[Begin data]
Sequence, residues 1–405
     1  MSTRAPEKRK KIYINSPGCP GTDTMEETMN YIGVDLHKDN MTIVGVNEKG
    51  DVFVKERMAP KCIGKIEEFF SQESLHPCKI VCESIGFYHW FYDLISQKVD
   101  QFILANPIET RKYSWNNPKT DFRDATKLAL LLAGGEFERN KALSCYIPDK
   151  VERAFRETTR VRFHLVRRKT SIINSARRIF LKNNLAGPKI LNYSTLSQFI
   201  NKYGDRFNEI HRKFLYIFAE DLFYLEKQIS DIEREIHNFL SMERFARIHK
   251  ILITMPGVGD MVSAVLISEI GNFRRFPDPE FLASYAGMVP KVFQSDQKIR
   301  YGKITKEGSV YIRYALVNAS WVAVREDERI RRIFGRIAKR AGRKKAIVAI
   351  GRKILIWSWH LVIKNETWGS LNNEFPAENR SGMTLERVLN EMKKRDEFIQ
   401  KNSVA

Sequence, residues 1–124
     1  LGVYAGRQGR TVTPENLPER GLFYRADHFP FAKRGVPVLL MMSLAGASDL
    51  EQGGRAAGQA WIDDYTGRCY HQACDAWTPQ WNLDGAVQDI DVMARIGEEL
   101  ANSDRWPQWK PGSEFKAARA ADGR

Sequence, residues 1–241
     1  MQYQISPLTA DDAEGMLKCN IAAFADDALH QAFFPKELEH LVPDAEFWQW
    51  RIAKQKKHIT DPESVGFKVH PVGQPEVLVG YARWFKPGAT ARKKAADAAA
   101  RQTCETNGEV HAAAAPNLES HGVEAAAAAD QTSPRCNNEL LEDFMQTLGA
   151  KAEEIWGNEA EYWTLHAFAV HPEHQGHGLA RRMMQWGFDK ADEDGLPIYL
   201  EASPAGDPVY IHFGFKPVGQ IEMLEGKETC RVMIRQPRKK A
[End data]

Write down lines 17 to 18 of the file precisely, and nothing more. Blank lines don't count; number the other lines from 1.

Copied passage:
    51  RIAKQKKHIT DPESVGFKVH PVGQPEVLVG YARWFKPGAT ARKKAADAAA
   101  RQTCETNGEV HAAAAPNLES HGVEAAAAAD QTSPRCNNEL LEDFMQTLGA